As one of Eire’s new literary lions, Corkman Billy O'Callaghan experiments not only with form but also time and space. In his second novel, “My Coney Island Baby,” O'Callaghan applies a skillful subtlety to make two outwardly ordinary characters and their interior lives engaging and derive meaning from their portrayals. “The Dead House,” his debut novel, had already won him praise for how he used supernatural tropes to create a haunting story.
This new book provides a sensitive look into two middle-aged lovers — who happen to be adulterers. Focusing on these two characters, with their spouses as background abstractions, O'Callaghan’s Michael and Caitlin are two flawed individuals who had accepted each other's imperfections while carrying on a 25-year affair. They’re equally locked in their marriages and the confines of the hotel rooms in which they meet. In simple but elegant language, he presents an intricate look inside a relationship — and the moment when it all is about to change. The book makes no moral judgment on their affair; just that it... is. And considering its origins in what was once one of the most Catholic of countries, this book is a quiet a taboo-breaker.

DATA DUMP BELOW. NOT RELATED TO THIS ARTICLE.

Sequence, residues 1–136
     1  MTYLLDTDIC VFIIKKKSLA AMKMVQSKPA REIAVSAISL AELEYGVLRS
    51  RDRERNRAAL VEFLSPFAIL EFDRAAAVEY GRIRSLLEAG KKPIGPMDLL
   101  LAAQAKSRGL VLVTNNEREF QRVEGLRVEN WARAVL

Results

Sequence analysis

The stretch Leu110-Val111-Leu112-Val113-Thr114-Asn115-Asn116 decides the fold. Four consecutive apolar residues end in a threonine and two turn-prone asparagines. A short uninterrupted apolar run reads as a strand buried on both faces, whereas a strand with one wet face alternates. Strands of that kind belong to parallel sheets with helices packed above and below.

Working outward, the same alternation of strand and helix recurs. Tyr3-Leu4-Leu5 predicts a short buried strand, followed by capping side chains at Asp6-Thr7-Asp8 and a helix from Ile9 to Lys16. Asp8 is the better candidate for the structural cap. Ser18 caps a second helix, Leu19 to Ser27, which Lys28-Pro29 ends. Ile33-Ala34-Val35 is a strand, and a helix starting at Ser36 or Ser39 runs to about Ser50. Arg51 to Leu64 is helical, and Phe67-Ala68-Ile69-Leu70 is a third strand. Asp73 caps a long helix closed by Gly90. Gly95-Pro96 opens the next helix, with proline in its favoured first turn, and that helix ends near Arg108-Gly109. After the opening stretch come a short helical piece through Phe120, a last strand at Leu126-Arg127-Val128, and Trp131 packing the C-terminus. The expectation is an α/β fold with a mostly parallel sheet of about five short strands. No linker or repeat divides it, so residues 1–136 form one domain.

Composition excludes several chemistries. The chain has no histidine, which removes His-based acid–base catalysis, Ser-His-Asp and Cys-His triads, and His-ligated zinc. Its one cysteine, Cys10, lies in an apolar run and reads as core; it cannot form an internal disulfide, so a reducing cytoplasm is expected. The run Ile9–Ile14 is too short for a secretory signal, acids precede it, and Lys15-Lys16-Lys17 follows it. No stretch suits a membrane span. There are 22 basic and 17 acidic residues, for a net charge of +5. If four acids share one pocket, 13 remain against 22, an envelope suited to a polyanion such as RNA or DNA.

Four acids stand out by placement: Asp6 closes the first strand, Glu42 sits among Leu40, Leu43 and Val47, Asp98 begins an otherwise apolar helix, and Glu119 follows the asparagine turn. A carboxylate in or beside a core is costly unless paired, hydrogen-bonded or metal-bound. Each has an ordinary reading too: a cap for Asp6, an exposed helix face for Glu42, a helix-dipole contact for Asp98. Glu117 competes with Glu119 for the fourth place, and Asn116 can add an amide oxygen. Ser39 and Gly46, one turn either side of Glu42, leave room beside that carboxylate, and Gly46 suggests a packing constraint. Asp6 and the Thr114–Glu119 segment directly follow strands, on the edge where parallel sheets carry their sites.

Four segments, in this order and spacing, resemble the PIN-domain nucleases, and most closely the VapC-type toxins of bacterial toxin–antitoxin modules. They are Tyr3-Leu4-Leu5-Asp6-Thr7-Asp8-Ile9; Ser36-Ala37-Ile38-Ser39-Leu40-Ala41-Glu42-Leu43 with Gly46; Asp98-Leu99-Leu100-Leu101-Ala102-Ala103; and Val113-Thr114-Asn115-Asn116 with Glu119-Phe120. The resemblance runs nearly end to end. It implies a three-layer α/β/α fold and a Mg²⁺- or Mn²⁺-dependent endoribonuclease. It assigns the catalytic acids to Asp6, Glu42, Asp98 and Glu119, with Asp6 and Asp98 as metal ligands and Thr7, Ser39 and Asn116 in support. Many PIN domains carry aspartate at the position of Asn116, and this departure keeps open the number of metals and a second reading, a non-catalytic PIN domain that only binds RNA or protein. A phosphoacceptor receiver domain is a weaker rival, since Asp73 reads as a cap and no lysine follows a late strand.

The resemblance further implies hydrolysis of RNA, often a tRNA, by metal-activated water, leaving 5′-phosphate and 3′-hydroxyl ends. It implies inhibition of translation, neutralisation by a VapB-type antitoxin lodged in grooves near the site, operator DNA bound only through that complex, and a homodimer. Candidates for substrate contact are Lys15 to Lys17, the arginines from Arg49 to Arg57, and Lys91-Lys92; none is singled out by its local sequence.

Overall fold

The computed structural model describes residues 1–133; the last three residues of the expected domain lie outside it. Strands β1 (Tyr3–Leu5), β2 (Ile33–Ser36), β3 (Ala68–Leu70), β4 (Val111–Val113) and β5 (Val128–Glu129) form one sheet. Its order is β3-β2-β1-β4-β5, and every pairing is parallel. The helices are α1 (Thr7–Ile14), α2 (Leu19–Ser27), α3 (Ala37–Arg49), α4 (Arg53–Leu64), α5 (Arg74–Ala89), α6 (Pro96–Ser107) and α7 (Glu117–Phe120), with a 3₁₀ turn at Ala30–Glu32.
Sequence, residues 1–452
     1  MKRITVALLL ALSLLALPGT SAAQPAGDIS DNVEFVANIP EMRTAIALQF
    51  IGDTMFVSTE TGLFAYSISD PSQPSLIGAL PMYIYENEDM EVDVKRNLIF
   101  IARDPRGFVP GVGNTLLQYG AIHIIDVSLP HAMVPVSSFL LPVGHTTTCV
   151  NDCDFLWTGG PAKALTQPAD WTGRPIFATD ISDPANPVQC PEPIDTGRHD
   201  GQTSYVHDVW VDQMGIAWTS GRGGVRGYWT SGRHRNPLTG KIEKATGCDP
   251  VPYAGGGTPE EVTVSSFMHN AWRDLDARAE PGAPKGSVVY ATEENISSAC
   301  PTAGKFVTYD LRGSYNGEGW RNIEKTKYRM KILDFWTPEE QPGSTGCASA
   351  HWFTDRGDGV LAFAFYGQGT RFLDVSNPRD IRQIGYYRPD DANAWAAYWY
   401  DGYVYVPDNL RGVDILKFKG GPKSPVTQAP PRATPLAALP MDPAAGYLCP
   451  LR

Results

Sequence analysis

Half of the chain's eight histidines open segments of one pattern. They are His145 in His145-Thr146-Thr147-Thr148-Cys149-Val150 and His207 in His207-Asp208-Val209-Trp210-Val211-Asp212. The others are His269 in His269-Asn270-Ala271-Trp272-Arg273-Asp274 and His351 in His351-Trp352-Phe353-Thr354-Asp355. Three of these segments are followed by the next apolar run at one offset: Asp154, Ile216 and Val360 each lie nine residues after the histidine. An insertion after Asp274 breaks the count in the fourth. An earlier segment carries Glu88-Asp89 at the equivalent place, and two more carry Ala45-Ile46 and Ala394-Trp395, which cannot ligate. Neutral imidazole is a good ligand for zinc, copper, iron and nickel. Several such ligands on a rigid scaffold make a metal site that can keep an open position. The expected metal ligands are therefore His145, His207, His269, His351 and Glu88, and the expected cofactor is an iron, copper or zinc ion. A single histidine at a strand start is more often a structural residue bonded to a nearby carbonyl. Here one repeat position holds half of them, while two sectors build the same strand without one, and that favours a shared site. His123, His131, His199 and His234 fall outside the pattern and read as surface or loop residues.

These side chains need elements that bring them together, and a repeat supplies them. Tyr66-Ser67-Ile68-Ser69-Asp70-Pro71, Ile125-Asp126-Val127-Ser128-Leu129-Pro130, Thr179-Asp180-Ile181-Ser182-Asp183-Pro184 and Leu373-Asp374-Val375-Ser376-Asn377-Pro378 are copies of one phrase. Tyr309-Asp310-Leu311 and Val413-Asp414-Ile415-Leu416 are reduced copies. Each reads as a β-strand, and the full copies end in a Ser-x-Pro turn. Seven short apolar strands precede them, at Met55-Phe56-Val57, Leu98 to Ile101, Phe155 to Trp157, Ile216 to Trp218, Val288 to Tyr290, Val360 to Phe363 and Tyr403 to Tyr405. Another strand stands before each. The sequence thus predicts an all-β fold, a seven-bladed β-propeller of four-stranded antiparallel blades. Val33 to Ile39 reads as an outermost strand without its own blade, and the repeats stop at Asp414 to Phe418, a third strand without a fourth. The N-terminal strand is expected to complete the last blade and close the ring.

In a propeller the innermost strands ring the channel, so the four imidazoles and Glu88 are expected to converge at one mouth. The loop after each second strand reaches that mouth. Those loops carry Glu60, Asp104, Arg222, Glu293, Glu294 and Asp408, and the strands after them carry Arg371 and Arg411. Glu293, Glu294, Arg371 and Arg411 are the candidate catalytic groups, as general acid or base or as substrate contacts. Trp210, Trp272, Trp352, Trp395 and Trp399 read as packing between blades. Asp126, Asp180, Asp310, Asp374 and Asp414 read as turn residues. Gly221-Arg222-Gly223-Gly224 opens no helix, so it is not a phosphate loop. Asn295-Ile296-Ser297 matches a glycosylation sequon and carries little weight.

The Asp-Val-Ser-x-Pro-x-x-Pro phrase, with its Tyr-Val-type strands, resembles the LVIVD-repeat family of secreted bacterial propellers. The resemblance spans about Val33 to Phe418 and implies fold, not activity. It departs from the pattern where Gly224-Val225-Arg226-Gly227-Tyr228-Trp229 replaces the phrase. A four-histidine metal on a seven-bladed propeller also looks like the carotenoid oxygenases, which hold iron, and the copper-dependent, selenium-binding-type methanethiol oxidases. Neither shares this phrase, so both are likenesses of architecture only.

Evoking such established Irish authors as William Trevor and Colm Toibin, “My Coney Island Baby” reveals, within the course of one day, the histories, tragedies and even touching moments that define these two lives who have been stitched together into one seemingly intertwined cloth. And though much doesn’t happen outside, the notion of “Coney Island” adds a further element to the landscape of the book and producing conscious or unconscious reference to ideations of the place, as a play land, a Lou Reed song and its nature as a popular oceanside tourist spot.
And in the way it recalls repressed longings and melancholia, it harkens back to characters from Joyce’s “Dubliners” or Toibin's “Brooklyn,” in which some of the principals sleepwalk through life without emerging as a free and whole beings. hat existential malaise populates these tomes and others with Celtic influences. Yes, they’re adulterers and betrayers of those they've sworn to love (albeit getting married in the 20s) but from a novelistic point of view that only adds to the drama and tragedy of their lives — beautifully expressed by this fine chronicler of inner worlds.
Page 8 of 60
Sign up for our weekly newsletter!